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README.md

Introduction

The Bandolier (aka bando) is an educational web framework featured in the Learn JavaScript the Hard Way course. The Bandolier contains all of the features a full stack developer would need to learn, but with smaller easier to understand implementations that are fully visible in the project. It includes implementations of:

  • JSON API backends.
  • Multi-page and Single-page web UIs.
  • Queues for offloading processing.
  • Video support with HLS, HTML, and WebTorrent Video.
  • Built-in Database administration and a simple ORM.
  • Authentication with passport.
  • Websockets with socket.io.
  • Pre-made CSS components and a simple CSS design method for non-designers.
  • Unit testing and UI test automation.
  • Automation commands to automate the boring tasks.
  • Helpful video processing in JavaScript.
  • Template generators to get started with code.
  • Full but simple database administrator in the browser.
  • Basic Discord integration.
  • Custom documentation generation for APIs using acorn.
  • Includes common things you need like lucide icons, Email DNS testing, web log analysis, in an easy to extend administrator tool.
  • All implemented in reasonably sized pieces of code you can study on your own.

You can think of bando as a belt full of simple useful web development code and practices that help you learn how to get things done. The idea is that everything in here is "similar" to features in other full stack web frameworks, but simplified so you can study them. Once you learn what's here you should be able to learn most other features in other frameworks.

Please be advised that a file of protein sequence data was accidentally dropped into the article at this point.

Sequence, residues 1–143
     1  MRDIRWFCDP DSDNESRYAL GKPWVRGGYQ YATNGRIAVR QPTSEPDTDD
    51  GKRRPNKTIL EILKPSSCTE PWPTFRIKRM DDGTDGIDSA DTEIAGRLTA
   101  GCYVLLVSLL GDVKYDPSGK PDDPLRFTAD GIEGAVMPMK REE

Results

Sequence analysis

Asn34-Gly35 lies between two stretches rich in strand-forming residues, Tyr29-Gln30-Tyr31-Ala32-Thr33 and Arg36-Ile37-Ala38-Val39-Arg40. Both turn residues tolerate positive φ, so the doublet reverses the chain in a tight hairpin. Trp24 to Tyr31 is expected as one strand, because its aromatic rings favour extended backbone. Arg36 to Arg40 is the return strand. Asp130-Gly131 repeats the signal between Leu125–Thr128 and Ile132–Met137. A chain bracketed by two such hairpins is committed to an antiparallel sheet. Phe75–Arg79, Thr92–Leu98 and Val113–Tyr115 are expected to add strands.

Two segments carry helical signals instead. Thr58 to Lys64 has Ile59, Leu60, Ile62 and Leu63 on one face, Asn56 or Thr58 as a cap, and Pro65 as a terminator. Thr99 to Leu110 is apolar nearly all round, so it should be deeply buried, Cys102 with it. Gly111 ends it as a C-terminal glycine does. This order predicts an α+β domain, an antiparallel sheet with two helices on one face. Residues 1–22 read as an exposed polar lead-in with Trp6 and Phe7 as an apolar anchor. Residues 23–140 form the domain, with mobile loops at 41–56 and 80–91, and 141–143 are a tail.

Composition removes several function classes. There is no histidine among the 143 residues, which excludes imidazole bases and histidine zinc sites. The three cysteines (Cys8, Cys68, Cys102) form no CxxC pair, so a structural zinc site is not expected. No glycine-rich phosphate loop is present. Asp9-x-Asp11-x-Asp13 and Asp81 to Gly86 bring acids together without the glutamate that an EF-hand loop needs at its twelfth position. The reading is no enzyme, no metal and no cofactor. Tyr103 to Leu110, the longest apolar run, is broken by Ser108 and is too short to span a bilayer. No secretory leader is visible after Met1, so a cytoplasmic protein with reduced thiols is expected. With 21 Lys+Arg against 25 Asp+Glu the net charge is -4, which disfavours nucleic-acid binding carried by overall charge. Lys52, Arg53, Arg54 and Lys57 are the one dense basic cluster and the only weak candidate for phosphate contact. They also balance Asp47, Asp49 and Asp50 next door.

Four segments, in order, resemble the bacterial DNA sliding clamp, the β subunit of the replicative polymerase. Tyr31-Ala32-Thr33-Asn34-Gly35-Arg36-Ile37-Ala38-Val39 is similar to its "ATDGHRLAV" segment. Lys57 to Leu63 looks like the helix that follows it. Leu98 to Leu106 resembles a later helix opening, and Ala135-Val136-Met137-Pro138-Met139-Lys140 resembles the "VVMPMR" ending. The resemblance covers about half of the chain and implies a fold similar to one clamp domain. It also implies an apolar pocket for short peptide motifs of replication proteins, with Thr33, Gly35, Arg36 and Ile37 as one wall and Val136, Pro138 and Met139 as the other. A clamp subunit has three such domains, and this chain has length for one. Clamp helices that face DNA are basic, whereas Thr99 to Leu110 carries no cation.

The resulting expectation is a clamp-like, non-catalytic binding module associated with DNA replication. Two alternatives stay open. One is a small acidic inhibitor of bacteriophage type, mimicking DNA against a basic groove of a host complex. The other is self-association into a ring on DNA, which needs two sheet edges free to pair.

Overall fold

Educational and Capable

Even though The bando is designed to be studied it doesn't mean it's useless. It's taken from real code I use for all of my websites now, and contains nearly everything you'll find in most any other framework. It's designed to be as performant, secure, and simple as possible. While it might not have every feature conceivable, it does have the ones you need to make most websites.

It also features a lot of custom components that you don't find in other web frameworks. You'll find examples of handling HLS Video Streaming, Fast Blurred Image Loading, ffmpeg video compression, Passport.js authentication, and much more. So while each feature doesn't cover every conceivable edge case, the framework does include a huge number of things everyone should learn for modern web development.

80% Done For You

A lot of the important things are also done for you while still letting you change them if you need to. For example, you shouldn't have to figure out password based authentication and encrypted password storage in 2023. So many other frameworks make people reinvent authentication when it's a completely solved problem and also a delicate thing to get right. In the bando authentication is already implemented and uses standard Passport.js with bcrypt passport storage, since that's the most recommended setup in 2023. If you want to use something else--say scrypt--then you can base your changes on my simple implementation and use the tests I have, rather than make everything from scratch.

Another example is payments. The bando contains working production code for Paypal, Stripe, and BTCPayServer. If you want to support something else then it should be easy to study my implementations and then write your own.

In general, the norm with bando is it contains most of the mundane things you might need to get started, and then replace later when you have a need for more features.

You Can Change or Remove Almost Everything